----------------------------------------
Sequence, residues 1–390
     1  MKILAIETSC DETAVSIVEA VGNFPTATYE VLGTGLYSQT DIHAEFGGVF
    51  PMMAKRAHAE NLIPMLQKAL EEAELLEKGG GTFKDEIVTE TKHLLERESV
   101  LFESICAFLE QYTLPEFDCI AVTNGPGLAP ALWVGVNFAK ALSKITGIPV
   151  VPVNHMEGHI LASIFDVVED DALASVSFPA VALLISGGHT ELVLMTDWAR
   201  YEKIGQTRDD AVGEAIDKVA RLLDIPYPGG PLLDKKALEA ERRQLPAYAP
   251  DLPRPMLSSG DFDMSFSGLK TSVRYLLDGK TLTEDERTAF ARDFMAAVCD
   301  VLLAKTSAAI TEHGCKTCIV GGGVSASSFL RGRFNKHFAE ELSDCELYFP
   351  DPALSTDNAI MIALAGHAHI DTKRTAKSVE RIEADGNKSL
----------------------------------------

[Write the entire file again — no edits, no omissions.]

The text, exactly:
Sequence, residues 1–390
     1  MKILAIETSC DETAVSIVEA VGNFPTATYE VLGTGLYSQT DIHAEFGGVF
    51  PMMAKRAHAE NLIPMLQKAL EEAELLEKGG GTFKDEIVTE TKHLLERESV
   101  LFESICAFLE QYTLPEFDCI AVTNGPGLAP ALWVGVNFAK ALSKITGIPV
   151  VPVNHMEGHI LASIFDVVED DALASVSFPA VALLISGGHT ELVLMTDWAR
   201  YEKIGQTRDD AVGEAIDKVA RLLDIPYPGG PLLDKKALEA ERRQLPAYAP
   251  DLPRPMLSSG DFDMSFSGLK TSVRYLLDGK TLTEDERTAF ARDFMAAVCD
   301  VLLAKTSAAI TEHGCKTCIV GGGVSASSFL RGRFNKHFAE ELSDCELYFP
   351  DPALSTDNAI MIALAGHAHI DTKRTAKSVE RIEADGNKSL